Humans are not living in a computer simulation controlled by alien overlords, according to a study that debunks a theory popular among science fiction fans and many modern philosophers. Following the popularity of 90s classic The Matrix many have questioned whether our world is a mere simulation and humans are in reality just a "Brain in a Vat". Researchers at University of Oxford in the UK and Hebrew University in Israel found proof that such a simulation is impossible as a matter of principle.
The study, published in the journal Science Advances, showed that the complexity of this simulation - can be measured in a number of processor hours, memory size and electricity bills - increases in line with the number of particles one would have to simulate. If the amount of computational resources required for a quantum simulation increases slowly with the number of particles in the system, then one has to double a number of processors, memory, etc in order to be able to simulate a system twice as large in the same amount of time.
However, if the growth is exponential, or in other words if for every extra particle one has to double the number of processors, memory, etc, then this task becomes intractable. Just to store the information about a few hundred electrons on a computer one would require a memory built from more atoms than there are in the universe. Researchers identified a particular physical phenomenon that cannot be captured by any local quantum - Monte-Carlo simulation.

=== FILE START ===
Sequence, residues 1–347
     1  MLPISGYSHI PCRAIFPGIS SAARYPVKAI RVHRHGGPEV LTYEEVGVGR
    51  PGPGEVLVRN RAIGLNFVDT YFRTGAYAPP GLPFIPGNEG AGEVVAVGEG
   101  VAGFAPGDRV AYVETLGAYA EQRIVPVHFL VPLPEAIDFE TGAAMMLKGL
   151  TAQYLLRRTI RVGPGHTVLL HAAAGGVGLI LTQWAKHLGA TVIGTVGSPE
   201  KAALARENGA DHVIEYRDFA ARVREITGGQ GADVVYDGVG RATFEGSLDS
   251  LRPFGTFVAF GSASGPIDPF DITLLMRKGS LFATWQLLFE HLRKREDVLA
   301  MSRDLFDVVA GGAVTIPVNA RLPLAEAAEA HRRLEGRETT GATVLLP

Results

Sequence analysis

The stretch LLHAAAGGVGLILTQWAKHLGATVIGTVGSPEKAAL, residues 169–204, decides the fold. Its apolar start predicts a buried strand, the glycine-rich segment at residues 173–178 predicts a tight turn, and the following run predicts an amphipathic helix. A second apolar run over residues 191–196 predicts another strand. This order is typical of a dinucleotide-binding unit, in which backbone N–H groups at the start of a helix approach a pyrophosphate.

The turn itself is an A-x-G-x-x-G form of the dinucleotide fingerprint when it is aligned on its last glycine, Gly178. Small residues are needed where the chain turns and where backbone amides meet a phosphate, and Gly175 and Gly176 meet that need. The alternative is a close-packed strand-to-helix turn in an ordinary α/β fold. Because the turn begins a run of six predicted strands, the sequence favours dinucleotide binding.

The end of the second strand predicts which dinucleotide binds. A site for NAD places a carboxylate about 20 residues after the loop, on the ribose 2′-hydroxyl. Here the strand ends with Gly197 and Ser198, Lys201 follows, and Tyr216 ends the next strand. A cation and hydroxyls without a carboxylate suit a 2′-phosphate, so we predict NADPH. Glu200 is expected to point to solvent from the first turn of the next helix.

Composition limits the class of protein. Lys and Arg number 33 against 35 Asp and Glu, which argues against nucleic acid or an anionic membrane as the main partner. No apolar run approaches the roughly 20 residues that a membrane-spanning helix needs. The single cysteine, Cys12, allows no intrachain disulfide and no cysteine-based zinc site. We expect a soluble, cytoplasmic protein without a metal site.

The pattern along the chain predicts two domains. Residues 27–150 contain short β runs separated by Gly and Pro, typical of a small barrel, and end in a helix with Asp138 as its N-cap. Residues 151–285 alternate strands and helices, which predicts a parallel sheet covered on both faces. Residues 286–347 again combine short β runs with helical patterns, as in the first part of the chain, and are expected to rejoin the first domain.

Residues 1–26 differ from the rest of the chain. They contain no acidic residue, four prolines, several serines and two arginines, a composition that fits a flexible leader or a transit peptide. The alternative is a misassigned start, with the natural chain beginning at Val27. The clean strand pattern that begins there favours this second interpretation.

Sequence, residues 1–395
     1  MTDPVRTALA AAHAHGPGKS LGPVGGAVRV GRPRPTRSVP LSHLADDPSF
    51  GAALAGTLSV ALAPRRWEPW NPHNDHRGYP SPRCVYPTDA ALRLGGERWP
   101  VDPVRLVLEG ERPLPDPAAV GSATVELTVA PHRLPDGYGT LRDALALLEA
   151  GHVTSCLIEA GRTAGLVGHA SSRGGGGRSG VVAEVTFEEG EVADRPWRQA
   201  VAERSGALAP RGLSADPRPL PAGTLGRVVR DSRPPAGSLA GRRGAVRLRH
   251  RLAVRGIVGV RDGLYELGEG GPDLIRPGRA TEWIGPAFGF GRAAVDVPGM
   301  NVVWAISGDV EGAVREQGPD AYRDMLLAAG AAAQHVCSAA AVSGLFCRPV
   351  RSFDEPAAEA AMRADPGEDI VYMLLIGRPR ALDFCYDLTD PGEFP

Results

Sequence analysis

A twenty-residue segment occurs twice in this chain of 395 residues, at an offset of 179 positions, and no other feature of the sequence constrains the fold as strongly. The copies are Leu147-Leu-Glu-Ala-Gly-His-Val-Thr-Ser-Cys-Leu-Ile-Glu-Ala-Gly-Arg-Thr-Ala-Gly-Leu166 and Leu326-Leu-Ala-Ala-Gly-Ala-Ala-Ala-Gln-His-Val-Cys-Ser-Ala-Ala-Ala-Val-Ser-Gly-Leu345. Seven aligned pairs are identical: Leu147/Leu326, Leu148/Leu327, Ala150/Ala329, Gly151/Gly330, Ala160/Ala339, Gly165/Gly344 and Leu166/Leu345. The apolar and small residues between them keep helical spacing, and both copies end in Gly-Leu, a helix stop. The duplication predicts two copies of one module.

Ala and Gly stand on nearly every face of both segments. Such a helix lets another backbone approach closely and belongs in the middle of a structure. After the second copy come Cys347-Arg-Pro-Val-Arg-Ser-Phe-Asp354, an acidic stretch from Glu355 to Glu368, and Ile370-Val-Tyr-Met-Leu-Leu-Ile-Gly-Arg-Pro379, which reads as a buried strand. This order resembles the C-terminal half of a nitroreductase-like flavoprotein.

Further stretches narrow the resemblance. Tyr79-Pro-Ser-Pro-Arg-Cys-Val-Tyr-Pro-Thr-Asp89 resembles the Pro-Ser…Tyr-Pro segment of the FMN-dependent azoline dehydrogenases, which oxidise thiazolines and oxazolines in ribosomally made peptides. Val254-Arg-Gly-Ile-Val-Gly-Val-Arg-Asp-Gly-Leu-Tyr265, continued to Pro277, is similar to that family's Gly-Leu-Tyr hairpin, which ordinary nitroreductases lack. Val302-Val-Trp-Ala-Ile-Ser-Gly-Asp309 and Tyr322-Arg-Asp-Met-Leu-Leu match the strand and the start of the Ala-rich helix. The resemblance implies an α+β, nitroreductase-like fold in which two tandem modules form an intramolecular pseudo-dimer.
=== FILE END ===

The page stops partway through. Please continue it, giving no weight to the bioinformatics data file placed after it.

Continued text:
It is a curious effect, which has been known for decades, but has only ever been measured indirectly. In the field of condensed matter physics, it is called the "thermal Hall conductance" and in high-energy physics it is known as a "gravitational anomaly", researchers said. Thermal Hall conductance implies a generation of energy currents in the direction transverse to either temperature gradient, or a twist in the underlying geometry of space-time.
Many physical systems in high magnetic fields and at very low temperatures are believed to exhibit this effect. Researchers showed that for systems exhibiting gravitational anomalies the quantities which are involved in quantum Monte-Carlo simulations will acquire a negative sign or become complex. This ruins the effectiveness of the Monte-Carlo approach through what is known as "the sign-problem".
Finding a solution to "the sign problem" would make large-scale quantum simulations possible, so that the proof that this problem cannot be solved for some systems, is an important one, researchers said. "Our work provides an intriguing link between two seemingly unrelated topics: gravitational anomalies and computational complexity," said Zohar Ringel, professor at Hebrew University. "It also shows that the thermal Hall conductance is a genuine quantum effect: one for which no local classical analogue exists," said Ringel.